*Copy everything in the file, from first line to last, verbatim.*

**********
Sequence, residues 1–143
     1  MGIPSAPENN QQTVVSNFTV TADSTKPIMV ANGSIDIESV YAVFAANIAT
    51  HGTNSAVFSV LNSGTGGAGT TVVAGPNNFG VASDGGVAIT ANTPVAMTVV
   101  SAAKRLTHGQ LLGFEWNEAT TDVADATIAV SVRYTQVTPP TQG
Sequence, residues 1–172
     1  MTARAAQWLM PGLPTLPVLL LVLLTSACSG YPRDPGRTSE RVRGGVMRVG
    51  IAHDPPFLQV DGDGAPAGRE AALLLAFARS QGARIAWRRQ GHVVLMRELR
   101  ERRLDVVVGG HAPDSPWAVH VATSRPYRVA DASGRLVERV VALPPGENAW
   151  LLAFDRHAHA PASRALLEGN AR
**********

Sequence, residues 1–143
     1  MGIPSAPENN QQTVVSNFTV TADSTKPIMV ANGSIDIESV YAVFAANIAT
    51  HGTNSAVFSV LNSGTGGAGT TVVAGPNNFG VASDGGVAIT ANTPVAMTVV
   101  SAAKRLTHGQ LLGFEWNEAT TDVADATIAV SVRYTQVTPP TQG
Sequence, residues 1–172
     1  MTARAAQWLM PGLPTLPVLL LVLLTSACSG YPRDPGRTSE RVRGGVMRVG
    51  IAHDPPFLQV DGDGAPAGRE AALLLAFARS QGARIAWRRQ GHVVLMRELR
   101  ERRLDVVVGG HAPDSPWAVH VATSRPYRVA DASGRLVERV VALPPGENAW
   151  LLAFDRHAHA PASRALLEGN AR